Wednesday, April 17, 2024

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City honors two property owners for bringing historic buildings back from the brink


The city of Burlington has bestowed a special recognition on two sets of property owners who’ve managed to inject new life into a couple of historic buildings that had survived the ravages of time a bit worse for wear.

Named after the late Minetree Pyne, who is regarded as Burlington’s first modern preservationist, this annual award is routinely extended to property owners whose efforts help to preserve the city’s historic character.

This year, the recipients of Pyne’s eponymous honor included Kristina Meinking and Jason Husser, who were recognized for the renovation of the century-old Fogleman-Jeffries House at 420 West Front Street.

Brian Pennington, left, presenting to Jason Husser
420 West Front Street

In a recent appearance before Burlington’s city council, Husser credited his wife Kristina with the inspiration to refurbish this Neo-Georgian/Colonial manor, which is situated in the heart of the city’s largest historic district.

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“My wife is a runner,” Husser recalled. “She had been running by this house for years and said that when it comes up for sale we should by it.”

Husser added that, when the old home finally came on the market in 2020, the couple decided to take on this project despite the peeling plaster, slump in the floor, and the vintage electrical work that they encountered within.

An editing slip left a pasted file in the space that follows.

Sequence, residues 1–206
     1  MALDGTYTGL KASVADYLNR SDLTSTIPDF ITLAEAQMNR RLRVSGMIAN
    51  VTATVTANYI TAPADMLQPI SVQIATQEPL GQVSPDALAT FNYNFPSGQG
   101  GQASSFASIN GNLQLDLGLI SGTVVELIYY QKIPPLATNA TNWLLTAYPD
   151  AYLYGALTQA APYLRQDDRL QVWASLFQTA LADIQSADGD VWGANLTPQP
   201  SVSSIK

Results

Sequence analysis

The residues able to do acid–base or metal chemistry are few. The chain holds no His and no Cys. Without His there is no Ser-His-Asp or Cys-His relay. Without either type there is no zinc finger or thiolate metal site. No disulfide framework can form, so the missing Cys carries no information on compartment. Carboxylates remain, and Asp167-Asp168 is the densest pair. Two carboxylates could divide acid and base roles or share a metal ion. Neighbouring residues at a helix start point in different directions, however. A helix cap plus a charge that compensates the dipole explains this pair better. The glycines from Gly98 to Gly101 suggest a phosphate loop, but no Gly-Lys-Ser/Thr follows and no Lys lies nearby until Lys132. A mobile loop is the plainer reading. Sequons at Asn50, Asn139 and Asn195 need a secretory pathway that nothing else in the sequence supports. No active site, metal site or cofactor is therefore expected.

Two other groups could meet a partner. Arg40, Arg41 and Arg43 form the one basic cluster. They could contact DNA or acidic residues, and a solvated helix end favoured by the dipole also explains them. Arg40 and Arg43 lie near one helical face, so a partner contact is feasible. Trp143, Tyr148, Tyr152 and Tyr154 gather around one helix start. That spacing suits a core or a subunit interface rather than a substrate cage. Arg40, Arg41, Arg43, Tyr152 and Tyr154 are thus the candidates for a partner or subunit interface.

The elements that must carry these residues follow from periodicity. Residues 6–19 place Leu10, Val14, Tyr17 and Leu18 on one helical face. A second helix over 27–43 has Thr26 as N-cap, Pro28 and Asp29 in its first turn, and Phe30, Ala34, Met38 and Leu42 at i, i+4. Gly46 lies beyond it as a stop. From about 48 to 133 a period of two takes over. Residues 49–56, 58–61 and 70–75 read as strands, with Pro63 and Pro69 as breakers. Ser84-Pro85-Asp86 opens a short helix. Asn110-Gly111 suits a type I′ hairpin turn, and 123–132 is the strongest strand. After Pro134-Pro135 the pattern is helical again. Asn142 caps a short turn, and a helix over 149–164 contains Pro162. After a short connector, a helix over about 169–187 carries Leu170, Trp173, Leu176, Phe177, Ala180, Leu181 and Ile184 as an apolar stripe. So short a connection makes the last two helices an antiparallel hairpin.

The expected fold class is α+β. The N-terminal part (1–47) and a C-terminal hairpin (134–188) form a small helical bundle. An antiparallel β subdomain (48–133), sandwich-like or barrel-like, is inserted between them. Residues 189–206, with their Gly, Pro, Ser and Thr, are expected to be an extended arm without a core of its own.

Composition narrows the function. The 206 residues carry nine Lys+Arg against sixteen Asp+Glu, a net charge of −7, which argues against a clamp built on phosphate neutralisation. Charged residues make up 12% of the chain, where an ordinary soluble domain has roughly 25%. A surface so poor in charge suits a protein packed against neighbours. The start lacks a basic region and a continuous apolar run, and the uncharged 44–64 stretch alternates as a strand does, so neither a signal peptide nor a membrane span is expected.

In the end, Husser said that their labors gave him and his wife a greater appreciation for historic preservation as well as Burlington’s architectural history. He went on to accept a commemorative plaque from Brian Pennington, the chairman of Burlington’s Historic Preservation Commission, on behalf of himself and his wife, a classics professor at Elon University who is also a member of the same appointed advisory board.

Pennington also presented a similar plaque to Jeff Wilkins for his work on a derelict office building at 1048 South Church Street. Wilkins acknowledged that it was no easy task to refurbish this structure, which is currently home to his business – the Wilkins Design Group.

Brian Pennington, left, presenting to Jeff Wilkins
Wilkins Design Group 1048 South Church Street

“The only thing that’s still there [from the original] is the brick and the bar joist,” he added. “Everything else was pretty much replaced.”

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